State needs new emphasis on higher education

Where does public higher education stand in the pecking order of priorities in the Volunteer State?

Not very high, I’m afraid.

In the past decade we have seen major shifts, some good and some bad, in efforts to provide a quality post-secondary education for Tennessee’s students.

I had the privilege of being involved in one of the good things in higher education 10 years ago when I assisted then-state Sen. (now U.S. Rep.) Steve Cohen in the lottery campaign following Cohen’s 20-year push to bring it to a vote. My reasons for involvement were many, but the primary one was to see that our state enjoyed the same type of opportunities that Georgia had derived from its HOPE scholarship program.

Those benefits included keeping more of the best and brightest students within our borders and providing opportunities to many who otherwise could not afford college. When first rolled out, the lottery HOPE scholarships here provided an average of 60 percent of the cost of public higher education. While the amount has increased, alas, it now covers only about 40 percent of those costs. Why? That’s another side of the story.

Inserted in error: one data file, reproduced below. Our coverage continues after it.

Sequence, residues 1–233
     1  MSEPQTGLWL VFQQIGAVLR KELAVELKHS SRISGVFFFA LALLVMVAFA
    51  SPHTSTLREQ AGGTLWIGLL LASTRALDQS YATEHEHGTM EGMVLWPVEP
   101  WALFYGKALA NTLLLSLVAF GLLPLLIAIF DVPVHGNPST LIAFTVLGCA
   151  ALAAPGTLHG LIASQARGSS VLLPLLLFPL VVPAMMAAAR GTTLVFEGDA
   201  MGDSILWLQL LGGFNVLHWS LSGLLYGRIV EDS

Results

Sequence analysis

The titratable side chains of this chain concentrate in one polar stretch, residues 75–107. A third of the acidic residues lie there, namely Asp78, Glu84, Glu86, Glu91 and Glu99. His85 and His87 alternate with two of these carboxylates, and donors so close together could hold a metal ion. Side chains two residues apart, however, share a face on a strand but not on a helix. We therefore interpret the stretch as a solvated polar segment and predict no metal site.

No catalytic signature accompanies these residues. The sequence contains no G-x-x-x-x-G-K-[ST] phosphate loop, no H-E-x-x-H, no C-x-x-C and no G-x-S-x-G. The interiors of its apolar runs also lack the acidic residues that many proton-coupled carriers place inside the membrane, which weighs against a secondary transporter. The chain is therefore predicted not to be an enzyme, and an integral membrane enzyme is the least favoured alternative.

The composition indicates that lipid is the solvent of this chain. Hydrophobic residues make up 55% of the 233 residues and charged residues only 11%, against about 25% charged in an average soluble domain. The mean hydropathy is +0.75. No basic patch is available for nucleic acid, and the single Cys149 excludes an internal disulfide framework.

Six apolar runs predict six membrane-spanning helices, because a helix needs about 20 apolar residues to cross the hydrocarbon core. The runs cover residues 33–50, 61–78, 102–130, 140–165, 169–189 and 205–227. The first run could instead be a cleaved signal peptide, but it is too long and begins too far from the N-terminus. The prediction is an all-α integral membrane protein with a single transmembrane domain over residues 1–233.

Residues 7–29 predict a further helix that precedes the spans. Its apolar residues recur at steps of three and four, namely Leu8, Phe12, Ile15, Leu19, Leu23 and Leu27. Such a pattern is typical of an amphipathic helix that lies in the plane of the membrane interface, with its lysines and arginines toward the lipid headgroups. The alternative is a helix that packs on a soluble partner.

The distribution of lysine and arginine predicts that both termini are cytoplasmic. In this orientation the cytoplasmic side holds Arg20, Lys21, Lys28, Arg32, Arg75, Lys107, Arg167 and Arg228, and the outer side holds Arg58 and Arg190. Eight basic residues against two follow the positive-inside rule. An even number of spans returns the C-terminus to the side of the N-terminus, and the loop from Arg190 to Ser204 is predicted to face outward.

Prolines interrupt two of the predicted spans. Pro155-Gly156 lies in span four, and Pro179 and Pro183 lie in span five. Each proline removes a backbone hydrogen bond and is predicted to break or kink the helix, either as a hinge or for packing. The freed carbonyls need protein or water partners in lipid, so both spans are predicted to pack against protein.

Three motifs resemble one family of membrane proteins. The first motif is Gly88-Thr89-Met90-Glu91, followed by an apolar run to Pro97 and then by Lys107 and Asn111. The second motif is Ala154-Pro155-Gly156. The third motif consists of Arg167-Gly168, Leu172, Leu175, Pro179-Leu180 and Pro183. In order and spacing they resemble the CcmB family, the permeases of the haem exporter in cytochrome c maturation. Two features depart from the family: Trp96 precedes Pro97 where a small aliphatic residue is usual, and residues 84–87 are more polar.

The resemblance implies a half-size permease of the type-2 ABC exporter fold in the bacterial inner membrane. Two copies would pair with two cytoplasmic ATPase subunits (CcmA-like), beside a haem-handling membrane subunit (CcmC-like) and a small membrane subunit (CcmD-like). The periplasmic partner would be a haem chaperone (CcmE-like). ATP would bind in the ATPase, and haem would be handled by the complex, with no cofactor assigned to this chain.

Fiscal year 2004-05 was figuratively a red-letter day in our history, when for the first time ever, state support of our colleges and universities was less than the tuition costs to Tennessee families to send a student to college. As illustrated so clearly by the graphic accompanying education reporter Julie Hubbard’s recent story in The Tennessean, tuition went up as state appropriations went down.

The stark figures are: In the past 10 years, appropriations to our colleges and universities went down $231 million (a 33 percent decrease) while tuition increased $436 million (a whopping 76 percent increase).

As a part of the 2010 special session on education reform, one of the items included was a little-noticed paradigm shift in the way public dollars are allocated to our colleges and universities: The priority was changed from the number enrolled to production (read degrees). Other things were included, but what is now called “outcome-based” was central to the appropriations formula. This major change, to me, was one of the good things that has happened in the past 10 years.

The new challenge is to show our colleges and universities (and our students and parents) that higher education is important in this state.

To the credit of the last several governors and general assemblies, no matter what the economic challenges were, they kept K-12 funding at or above its base. That’s a good thing, and should not change. We saw encouraging signs of support for higher education in Gov. Bill Haslam’s budget message.

What’s next? If we are going to achieve the level of success and greatness I think this state is capable of, we must move support of public higher education up the ladder and draw a line in the sand: Higher education is important, and we will now make our priorities K-16. It’s high time.